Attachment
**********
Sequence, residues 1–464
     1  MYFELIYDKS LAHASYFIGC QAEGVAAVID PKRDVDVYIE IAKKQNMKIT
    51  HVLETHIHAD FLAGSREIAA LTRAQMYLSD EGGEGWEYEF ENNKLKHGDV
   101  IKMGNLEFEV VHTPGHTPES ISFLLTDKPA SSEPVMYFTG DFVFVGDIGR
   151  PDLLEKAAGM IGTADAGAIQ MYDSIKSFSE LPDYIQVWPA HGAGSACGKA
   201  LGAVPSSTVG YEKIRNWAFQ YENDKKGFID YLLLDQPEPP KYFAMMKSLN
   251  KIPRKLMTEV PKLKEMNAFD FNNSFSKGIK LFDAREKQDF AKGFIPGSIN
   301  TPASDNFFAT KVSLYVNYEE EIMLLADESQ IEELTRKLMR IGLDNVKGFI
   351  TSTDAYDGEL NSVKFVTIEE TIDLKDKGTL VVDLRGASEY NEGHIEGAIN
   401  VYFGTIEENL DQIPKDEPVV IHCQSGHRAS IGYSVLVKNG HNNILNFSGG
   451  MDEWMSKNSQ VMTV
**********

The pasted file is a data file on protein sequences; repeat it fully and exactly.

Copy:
Sequence, residues 1–464
     1  MYFELIYDKS LAHASYFIGC QAEGVAAVID PKRDVDVYIE IAKKQNMKIT
    51  HVLETHIHAD FLAGSREIAA LTRAQMYLSD EGGEGWEYEF ENNKLKHGDV
   101  IKMGNLEFEV VHTPGHTPES ISFLLTDKPA SSEPVMYFTG DFVFVGDIGR
   151  PDLLEKAAGM IGTADAGAIQ MYDSIKSFSE LPDYIQVWPA HGAGSACGKA
   201  LGAVPSSTVG YEKIRNWAFQ YENDKKGFID YLLLDQPEPP KYFAMMKSLN
   251  KIPRKLMTEV PKLKEMNAFD FNNSFSKGIK LFDAREKQDF AKGFIPGSIN
   301  TPASDNFFAT KVSLYVNYEE EIMLLADESQ IEELTRKLMR IGLDNVKGFI
   351  TSTDAYDGEL NSVKFVTIEE TIDLKDKGTL VVDLRGASEY NEGHIEGAIN
   401  VYFGTIEENL DQIPKDEPVV IHCQSGHRAS IGYSVLVKNG HNNILNFSGG
   451  MDEWMSKNSQ VMTV